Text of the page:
Santa Fe, N.M. -- Human companionship is critical for physical, as well as emotional, well-being, studies have shown. Contact with family and friends can help prevent the age-related rise in blood pressure that can increase the risk of stroke and heart attack.
Unfortunately, a growing number women, particularly older women, live alone, often in isolation.
New research from the University at Buffalo presented here today (March 21, 1997) shows that for these individuals, a four-legged friend may be nearly as effective in keeping blood pressure down as the two-legged variety.
"The bottom line is, we have demonstrated that elderly women living alone who are attached to their pets and have nobody else derive physiological benefits that are similar to those derived from human companionship," said Karen Allen, Ph.D., UB research scientist and lead author of the study.
"We don't know if pets substitute for human companionship. It's possible pets provide humans with some quantity we don't understand. What is clear, however, is that our attempts to understand biological aging are incomplete without considering social factors."
Allen presented the results of the study, which also showed some benefit for younger women, at the annual meeting of the American Psychosomatic Society.
The study was conducted over six months and involved 100 women who lived alone. Half were in their mid-20s, the other half were in their early 70s. Twenty-five women in each group had a dog or cat to which they were very attached. The other 25 in each group had never owned a pet. Of the young pet-owners, 17 had dogs and 8 had cats. The breakdown for the older pet-owners was 9 dogs and 16 cats.
All participants completed a questionnaire during the first week about social support, pet attitudes and their sense of control over their health. Participants' blood pressure and heart rate were taken at home four times during the six months. A computerized monitor recorded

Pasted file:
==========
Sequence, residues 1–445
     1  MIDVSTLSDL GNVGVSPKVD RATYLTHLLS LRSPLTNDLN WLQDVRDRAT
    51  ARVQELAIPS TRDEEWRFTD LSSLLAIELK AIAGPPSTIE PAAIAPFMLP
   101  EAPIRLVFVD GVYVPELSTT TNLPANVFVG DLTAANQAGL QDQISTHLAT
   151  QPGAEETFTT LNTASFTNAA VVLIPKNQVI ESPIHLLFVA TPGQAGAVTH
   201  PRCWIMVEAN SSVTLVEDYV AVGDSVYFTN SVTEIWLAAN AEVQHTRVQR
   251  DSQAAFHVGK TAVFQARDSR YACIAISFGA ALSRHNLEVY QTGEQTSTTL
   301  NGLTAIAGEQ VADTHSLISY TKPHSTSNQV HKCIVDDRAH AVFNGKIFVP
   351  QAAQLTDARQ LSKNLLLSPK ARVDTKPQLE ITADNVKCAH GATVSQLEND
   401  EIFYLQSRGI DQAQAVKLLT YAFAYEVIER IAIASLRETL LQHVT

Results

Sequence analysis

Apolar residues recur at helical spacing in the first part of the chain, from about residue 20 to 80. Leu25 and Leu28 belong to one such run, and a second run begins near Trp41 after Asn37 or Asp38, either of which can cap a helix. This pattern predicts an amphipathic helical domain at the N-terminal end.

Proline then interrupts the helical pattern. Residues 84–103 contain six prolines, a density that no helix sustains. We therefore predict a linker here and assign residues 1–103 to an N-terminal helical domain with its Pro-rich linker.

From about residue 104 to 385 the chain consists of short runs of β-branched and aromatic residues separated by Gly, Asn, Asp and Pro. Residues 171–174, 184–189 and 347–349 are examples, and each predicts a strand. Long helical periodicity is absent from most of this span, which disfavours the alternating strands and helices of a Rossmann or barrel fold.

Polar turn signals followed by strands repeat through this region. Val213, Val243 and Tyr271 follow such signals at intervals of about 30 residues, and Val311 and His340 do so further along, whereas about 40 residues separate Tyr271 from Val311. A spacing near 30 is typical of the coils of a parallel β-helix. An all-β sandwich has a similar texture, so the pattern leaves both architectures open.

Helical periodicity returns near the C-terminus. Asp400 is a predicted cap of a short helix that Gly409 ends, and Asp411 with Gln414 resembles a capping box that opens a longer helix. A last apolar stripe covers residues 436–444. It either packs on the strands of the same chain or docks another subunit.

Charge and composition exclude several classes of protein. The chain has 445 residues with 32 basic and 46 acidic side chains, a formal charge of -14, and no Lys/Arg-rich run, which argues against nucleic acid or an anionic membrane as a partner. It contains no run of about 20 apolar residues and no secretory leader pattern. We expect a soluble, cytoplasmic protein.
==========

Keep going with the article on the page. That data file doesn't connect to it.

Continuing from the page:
cardiovascular measurements every five minutes for 40 minutes at each session. Researchers were not in the room, but pet-owners had their pets with them.
Results showed that blood pressure of pet-owners was lower than that of non-pet-owners in both age groups. Among elderly women, those with pets had significantly lower blood pressure readings than those without pets.
Among elderly women with little social support, systolic blood pressure of pet-owners was 20 points lower, on average, than the systolic pressure of those without pets. Owning a pet had only a slight moderating effect on the blood pressure of young women with little social support.
In addition, elderly women with pets but little human companionship had blood pressure readings nearly as low as young women with many supportive friends or family.
"These findings indicate that there is more than one type of positive social support," Allen said, "and they suggest that for people with few human contacts or friends, pets can play an important role in moderating age-related increases in blood pressure."
Apparently these results hold true only if Kitty or Fido are cherished members of the household. Two of the elderly pet-owners with little social contact bore no great love for their animal companions. These participants had blood-pressure readings as high as the no-pet group.
Allen said further research will try to determine if pets have a similar effect on elderly men, and at what age social support becomes important in moderating age-related increases in blood pressure.